nICE Mug Kickstarter Promises a Perfectly Frosty Beer
Finding ways to combine beer drinking and freezing temperatures is practically a state pastime here in Minnesota. It's no surprise then that the guy behind nICE Mug's reusable frozen mugs is based in Minneapolis.
"This is a Minneapolis product -- born, bred, and developed," says Glenn Auerbach, the founder of nICE Mugs.
Auerbach has launched a Kickstarter to help finance production of his ice mug kits. So far, the Kickstarter has surpassed its original goal of $15,000 by $4,000.
See also: The state of Minnesota Beer
The nICE Mug kits are modeled after the way water freezes in nature, something Auerbach noticed one winter night. He poured out a bucket of partially frozen water, and saw that the ice coating the inside of the bucket was thicker at the base and thinner along the sides. His next thought, naturally, was how to drink beer out of it.
Using food grade reusable plastic, Auerbach created a mold that mimicked the shape he found in the bucket that night. Add a little water to the nICE Mug mold, pop it in the freezer, and -- voila! -- an icy drinking vessel is at your fingertips.
As for your fingertips, they're insulated from the ice by a small holder that fits onto the base of the mug. A small sponge in the bottom of this holder also collects any water from the melting ice. According to the nICE Mug website, a mug will last anywhere from 5 minutes to 30 minutes, depending on how well frozen it is. A cloudy ice mug with a lot of air bubbles is doomed to drip, while a clear mug might make it through multiple refills. The advice when and if your mug springs a leak is about what you might expect: Drink!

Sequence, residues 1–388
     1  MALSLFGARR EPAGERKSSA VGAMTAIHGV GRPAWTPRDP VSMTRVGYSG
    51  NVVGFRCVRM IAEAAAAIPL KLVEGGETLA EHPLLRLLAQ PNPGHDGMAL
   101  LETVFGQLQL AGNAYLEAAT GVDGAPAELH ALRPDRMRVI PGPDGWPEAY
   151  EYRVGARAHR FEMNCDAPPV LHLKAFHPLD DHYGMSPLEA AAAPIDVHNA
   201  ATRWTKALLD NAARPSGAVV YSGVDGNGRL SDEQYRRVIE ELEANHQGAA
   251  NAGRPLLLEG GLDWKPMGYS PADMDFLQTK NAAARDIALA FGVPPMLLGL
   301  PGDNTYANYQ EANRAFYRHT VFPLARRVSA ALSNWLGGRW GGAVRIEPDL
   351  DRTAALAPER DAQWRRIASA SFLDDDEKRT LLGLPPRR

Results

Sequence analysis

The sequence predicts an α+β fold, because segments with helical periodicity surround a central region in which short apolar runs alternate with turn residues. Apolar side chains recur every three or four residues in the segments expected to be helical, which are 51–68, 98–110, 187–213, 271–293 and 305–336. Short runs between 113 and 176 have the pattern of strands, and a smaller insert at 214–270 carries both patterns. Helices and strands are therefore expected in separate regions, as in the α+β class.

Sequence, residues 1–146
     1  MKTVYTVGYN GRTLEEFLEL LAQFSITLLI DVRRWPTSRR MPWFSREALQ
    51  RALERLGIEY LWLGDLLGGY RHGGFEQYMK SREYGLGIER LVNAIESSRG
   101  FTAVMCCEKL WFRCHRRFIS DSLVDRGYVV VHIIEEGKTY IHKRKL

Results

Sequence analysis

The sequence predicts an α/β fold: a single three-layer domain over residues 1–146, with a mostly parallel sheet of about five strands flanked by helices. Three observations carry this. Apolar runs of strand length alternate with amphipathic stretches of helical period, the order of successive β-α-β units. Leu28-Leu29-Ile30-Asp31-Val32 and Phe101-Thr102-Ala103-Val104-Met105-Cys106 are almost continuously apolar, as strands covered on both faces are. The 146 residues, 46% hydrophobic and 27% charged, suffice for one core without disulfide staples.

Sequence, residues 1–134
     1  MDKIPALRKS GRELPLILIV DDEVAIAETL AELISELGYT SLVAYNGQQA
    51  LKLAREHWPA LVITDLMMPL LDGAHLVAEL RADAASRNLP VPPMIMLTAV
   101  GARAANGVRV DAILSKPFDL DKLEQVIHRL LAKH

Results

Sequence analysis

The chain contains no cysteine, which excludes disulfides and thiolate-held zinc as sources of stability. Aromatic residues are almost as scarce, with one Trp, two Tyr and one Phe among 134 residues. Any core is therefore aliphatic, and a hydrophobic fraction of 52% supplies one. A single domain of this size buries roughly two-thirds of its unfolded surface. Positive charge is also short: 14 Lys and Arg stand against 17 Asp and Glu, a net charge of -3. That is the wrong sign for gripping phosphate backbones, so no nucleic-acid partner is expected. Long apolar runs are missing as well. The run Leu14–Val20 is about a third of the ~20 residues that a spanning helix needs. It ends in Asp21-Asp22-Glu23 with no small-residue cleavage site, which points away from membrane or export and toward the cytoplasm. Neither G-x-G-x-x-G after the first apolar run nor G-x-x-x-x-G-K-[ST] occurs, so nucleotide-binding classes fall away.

To create a perfectly clear mug that will last 30 minutes, Auerbach instructs nICE Mug molders to use a top-down freezing method. After ten years researching the perfect freezing methods in his own backyard, he found the ideal, air-bubble-free ice mug comes about the same way a crystal clear lake freezes in winter.
"When water freezes from the top down, it forces air bubbles to the bottom," he says. "I trick the freeze process and simulate what Minnesota winter does to water."
There's been a lot of buzz lately about the use of Kickstarters by for-profit endeavors, particularly after the Travail Kickstarter annihilated its fundraising goal in a matter of hours. Auerbach isn't shaken.
"Whether for profit or non profit, [Kickstarter users] want to bring their vision to the people," he says. "It takes a lot of money to make the tooling that makes the nICE Mug molds. I need to spread that cost around in order to move forward."
Each nICE Mug kit comes with two mug molds and four mug holders. Once they hit the market, the kits will run you $30, but if you contribute at least $25 to the Kickstarter, you get one as a gift.
For more information, check out the nICE Mug website.
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